duration, and camper and staff member characteristics, opened with uniform non-pharmaceutical
interventions, including pre-camp quarantine, pre- and post-arrival testing and symptom screening,

                                                                                    Updated 10/19/2020
cohorting, and physical distancing between cohorts. In addition, camps required use of face coverings,
enhanced hygiene measures, enhanced cleaning and disinfecting, maximal outdoor programming, and
early and rapid identification of infection and isolation.

An analysis of SARS-CoV-2 infections linked to childcare facilities in Rhode Island identified 52
confirmed and probable childcare-associated cases of COVID-19 in 29 childcare programs in the state
(June 1 to July 31) among 666 facilities with a capacity of 18,945 children.17* Of the cases, 30 (58%) were
among children (median age = 5 years), and 22 (42%) were among adults (20 teachers and 2 parents,
median age = 30 years). The majority of affected centers (69%) reported only a single case without
apparent secondary transmission. Secondary transmission was suspected in four childcare centers,
including one in which an investigation revealed a lack of adherence to the guideline prohibiting
switching between groups of children. This provides additional evidence that under adequate control
measures, the risk of transmission can be limited among groups of children and adult care providers.

Country-Specific Experience with School Re-Opening
United States
We reviewed guidance documents from a selection of 12 states in the US (AZ, CA, FL, GA, IL, KS, MI, NY,
TX, VT, WI, and WA) from different geographical regions to summarize reopening plans across the
country. States either developed criteria for re-opening (AZ, CA, IL, KS, MI, VT, and WA), requested
schools and districts to submit plans for reopening that require approval (NY, WI), or required schools to
re-open but with approval of re-opening plans by the state (FL, GA, and TX). Most states include use of
COVID-19 metrics to guide reopening plans (AZ, CA, IL, KS, MI, WA, and VT). All of these states include
metrics on community-based transmission, including the number of cases per population size and/or
test positivity rates; all but KS also included health system capacity metrics. Additional metrics for
testing and/or tracing capacity are also included for IL, MI, VT, and WA. In addition, WA mentions that
other health education risks and benefits should be considered but do not provide details on how these
may be included. IL specifically mentions “adaptive pauses” as needed to either delay re-opening or
pivot to distance learning. Three states (AZ, CA, and WA) use specific COVID-19 metrics as thresholds for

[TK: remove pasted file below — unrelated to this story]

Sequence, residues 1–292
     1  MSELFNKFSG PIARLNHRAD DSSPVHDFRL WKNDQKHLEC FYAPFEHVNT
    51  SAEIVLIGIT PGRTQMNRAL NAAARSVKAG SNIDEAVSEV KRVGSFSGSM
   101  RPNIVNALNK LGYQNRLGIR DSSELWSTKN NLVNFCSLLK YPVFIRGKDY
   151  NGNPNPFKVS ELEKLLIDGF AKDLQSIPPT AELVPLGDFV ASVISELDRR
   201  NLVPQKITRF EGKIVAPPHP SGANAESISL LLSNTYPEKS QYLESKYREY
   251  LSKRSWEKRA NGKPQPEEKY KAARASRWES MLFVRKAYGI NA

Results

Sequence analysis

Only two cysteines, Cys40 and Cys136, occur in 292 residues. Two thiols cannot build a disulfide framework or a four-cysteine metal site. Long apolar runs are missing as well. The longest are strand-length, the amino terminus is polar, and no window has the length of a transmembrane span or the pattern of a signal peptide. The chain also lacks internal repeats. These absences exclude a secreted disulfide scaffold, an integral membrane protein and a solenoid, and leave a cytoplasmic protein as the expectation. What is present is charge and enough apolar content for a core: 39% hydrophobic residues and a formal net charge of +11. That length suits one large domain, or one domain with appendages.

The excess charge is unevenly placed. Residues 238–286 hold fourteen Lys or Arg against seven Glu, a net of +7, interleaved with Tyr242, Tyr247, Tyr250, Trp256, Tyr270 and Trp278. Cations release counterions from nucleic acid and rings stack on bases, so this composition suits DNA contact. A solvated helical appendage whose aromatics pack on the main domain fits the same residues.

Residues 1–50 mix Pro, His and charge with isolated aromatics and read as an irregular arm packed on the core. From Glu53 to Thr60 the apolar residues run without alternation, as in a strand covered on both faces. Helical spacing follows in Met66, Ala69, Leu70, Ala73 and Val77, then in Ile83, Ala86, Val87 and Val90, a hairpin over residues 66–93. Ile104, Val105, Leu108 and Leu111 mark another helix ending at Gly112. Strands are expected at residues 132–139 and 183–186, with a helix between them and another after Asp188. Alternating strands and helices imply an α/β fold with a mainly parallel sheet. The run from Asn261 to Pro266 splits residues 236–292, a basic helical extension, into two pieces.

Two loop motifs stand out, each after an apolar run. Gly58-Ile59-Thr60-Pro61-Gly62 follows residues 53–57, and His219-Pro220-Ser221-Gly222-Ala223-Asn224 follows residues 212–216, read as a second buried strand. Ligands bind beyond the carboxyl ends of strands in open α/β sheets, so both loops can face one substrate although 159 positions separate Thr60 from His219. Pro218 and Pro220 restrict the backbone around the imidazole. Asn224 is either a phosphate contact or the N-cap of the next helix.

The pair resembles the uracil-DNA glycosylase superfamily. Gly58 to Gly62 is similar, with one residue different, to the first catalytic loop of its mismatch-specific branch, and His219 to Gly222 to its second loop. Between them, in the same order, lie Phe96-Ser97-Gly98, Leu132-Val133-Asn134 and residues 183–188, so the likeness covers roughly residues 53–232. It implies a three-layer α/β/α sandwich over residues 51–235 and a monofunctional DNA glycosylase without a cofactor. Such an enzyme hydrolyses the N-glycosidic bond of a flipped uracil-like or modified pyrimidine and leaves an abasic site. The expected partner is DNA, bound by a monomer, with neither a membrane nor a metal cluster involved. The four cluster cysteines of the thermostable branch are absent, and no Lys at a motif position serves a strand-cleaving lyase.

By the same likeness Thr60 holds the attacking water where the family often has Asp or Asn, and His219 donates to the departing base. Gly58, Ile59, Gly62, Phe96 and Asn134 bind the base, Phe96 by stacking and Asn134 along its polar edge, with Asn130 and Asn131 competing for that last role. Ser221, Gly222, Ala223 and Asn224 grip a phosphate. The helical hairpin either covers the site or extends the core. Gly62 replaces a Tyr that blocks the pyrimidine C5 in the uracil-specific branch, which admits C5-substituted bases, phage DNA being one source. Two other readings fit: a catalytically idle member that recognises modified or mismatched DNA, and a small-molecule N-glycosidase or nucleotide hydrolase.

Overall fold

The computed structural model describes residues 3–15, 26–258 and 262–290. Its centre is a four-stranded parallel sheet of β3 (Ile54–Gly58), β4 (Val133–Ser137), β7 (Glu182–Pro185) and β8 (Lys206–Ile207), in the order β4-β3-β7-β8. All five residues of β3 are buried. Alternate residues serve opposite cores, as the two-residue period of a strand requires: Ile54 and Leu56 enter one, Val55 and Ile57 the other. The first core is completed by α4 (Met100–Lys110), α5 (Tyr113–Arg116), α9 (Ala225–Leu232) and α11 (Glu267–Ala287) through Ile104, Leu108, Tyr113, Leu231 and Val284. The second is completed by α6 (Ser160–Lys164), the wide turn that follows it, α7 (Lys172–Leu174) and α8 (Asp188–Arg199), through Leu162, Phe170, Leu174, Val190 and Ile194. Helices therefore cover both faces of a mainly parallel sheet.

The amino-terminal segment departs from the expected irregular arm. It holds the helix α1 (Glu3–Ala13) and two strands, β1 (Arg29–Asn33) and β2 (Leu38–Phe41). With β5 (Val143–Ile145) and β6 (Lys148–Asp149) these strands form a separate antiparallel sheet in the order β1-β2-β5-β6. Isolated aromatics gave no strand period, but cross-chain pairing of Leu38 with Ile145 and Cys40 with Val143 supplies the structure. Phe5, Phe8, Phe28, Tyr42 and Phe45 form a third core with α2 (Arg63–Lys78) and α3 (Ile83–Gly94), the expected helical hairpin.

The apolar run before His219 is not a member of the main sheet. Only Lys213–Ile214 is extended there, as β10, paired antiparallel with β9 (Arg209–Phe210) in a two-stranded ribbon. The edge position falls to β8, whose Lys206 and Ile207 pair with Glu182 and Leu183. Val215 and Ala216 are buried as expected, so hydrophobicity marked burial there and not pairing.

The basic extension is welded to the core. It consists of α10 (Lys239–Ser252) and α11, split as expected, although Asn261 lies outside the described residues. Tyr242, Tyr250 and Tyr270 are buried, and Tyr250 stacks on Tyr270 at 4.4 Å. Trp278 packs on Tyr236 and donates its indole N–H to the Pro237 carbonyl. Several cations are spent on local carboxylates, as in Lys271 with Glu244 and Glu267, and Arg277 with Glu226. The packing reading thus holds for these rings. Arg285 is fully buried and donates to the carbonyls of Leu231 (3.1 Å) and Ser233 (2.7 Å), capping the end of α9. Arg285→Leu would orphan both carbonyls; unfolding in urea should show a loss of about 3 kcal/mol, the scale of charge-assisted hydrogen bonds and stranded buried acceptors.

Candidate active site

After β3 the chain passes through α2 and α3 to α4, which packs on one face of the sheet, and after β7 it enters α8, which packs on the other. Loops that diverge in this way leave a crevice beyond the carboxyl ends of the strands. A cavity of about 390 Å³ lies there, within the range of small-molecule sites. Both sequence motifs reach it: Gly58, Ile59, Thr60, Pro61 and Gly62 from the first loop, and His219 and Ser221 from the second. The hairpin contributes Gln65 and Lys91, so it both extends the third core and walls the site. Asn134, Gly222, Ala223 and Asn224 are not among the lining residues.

reopening; AZ and WA additionally use thresholds to indicate criteria for transitioning between
remote/online, hybrid, and in-person learning models. WA additionally uses age- and need-based
criteria to prioritize hybrid and in-person learning, and VT also recommended prioritizing those younger
than grade 6 for in-person learning. NY notes schools and districts should consider students who have
greatest need in their plans and TX permitted fewer in-person days for high school students, specifically.

Reopening plans in FL are largely on a case-by-case evaluation, with state mandates to open at least 5
days a week unless otherwise indicated by FL and local Department of Health. In all other states,
symptom screens and/or temperature checks were universally mentioned; however, there was
variability in requirements for staff and students. Masks or face covering mandates were common (AX,
CA, IL, KS, MI, TX, VT, WA, and WI), but only recommended in GA and NY. All states include physical
distancing and sanitation practices for COVID-19 risk mitigation, additional guidance on transportation
(AZ, GA, IL, KS, MI, NY, TX, VT, WA, and WI), athletics (CA, IL, KS, MI, NY, TX, VT, WA, and WI), and meal
service (CA, GA, KS, MI, NY, and VT) are also mentioned.

                                                                                      Updated 10/19/2020
Summary of School Re-opening Plans and Guidance by State
     Guidance          Reopening status               Instructional model options        Use of metrics to guide         Masks/face coverings           Health screening            Physical     Sanitation Transportation   Athletics    Food
     doc URLs                                                                                   decisions                                                  protocols               distancing                                            service
     updated)                                                                                                                                                                                                                     
AZ     8/6/20 Based on level on community            If all 3 benchmarks over 2      -Substantial: For 2 weeks, case    Masks worn throughout Stay home if sick, monitor                                      
              level transmission and quality of      weeks are:                      counts >100 per 100,000, test      the school day        for symptoms
              risk mitigation plan. Uses adapted     -Substantial - distance         positivity >10%, >10% hospital
              CDC indicators of community            learning                        visits due to COVID-like illness